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Groundhog Day as Babcock & Brown moves in
[February 22, 2006]

Groundhog Day as Babcock & Brown moves in


(The Irish Times Via Thomson Dialog NewsEdge)You could hardly be blamed for thinking there's something familiar about this morning's news that Australian venture capitalist Babcock & Brown is bidding for Eircom, writes Barry O'Halloran

But a lot has changed in the telecoms company since the State first sold it in 1999, raising 6 billion from financial institutions and the 570,000 citizens who weighed in on the original stock market flotation at 3.90 a share.

In fact, every time Eircom changed hands in the last six- and-a-half years, it looked like it lost something along the way.

The business that Babcock & Brown is lining up to buy has debts of 2 billion, a legacy of the last venture capital buyout. Its last full-year sales were 1.6 billion, compared with 1.8 billion in the year to April 1st 1999, when its liabilities were 540 million.



Back in 1999, its net assets were 1.35 billion. At the end of its last full year, March 31st 2005, they were 549 million, and are unlikely to have recovered dramatically since then.

After Eircom floated in 1999, it rose rapidly to hit an initial high of 5 that August. But, as the technology bubble burst, it dropped away to a low of 2.40 12 months later.


The company then negotiated the sale of its mobile arm, Eircell, to multinational Vodafone. Its shareholders got 0.9478 of a Vodafone share for every two Eircom shares. This ultimately worked out at around 1.25 a unit.

The following year, a bitter battle for the fixed-line business ensued between two consortiums: Denis O'Brien's E-Island, backed by US-based Spectrum Equity, and the Sir Anthony O'Reilly-led Valentia, supported by Goldman Sachs, Warburg Pincus and Providence Equity. The latter won with a 3 billion bid.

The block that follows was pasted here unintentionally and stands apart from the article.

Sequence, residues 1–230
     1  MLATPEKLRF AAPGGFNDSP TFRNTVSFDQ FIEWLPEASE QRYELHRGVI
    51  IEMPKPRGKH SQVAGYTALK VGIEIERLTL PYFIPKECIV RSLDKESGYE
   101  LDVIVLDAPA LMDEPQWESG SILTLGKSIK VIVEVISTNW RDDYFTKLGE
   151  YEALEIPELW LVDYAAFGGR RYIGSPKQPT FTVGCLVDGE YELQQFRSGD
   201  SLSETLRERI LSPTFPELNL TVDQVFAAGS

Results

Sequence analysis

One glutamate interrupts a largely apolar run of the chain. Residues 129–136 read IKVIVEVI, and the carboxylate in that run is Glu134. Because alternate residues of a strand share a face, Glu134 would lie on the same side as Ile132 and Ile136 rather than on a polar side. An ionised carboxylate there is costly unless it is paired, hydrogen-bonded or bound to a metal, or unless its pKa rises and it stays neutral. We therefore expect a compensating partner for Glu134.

Combined with the Vodafone sale, the Valentia deal left small shareholders who bought on flotation with a 1.30 a share loss on their original 3.90 a unit investment.

But it produced one of the saga's big winners in the Eircom Employee Share Ownership Plan (Esop), which held 14.9 per cent of the plc on behalf of its workers. After the sale to Valentia, it wound up with 29.9 per cent of the company and 25 per cent of the voting rights.

It also emerged the winner when Valentia refloated Eircom on the Dublin and London stock exchanges in March 2004 for 1.1 billion. Past and present workers shared a 66 million payout, and a 21 per cent stake in the new plc worth 360 million on flotation.

Sir Anthony O'Reilly, George Soros and Providence Equity sold shares worth a total of 500 million.

The Esop will again be the biggest winner if Babcock & Brown succeeds. Assuming that it took up its new shares in Eircom's recent rights issue, its stake would be worth close to 500 million at the 2.25 that the Australians are said to be willing to pay.

Eircom still controls most of the lines entering the State's homes and businesses. It has re-entered the mobile market with the 420 million purchase of Meteor, which is in third position to Vodafone and O2 with 560,000 subscribers.

But communications regulator ComReg, the Government and its competitors all want to end its dominance in the fixed-line business, and its last results showed that it was feeling at least some pinch in that market.

It also has to deal with that 2 billion debt and industry sources say that its networks are going to require investment, even as it its forced to open them up to competitors.

All in all, it's looking like it will soon be a shadow of what it was in 1999.

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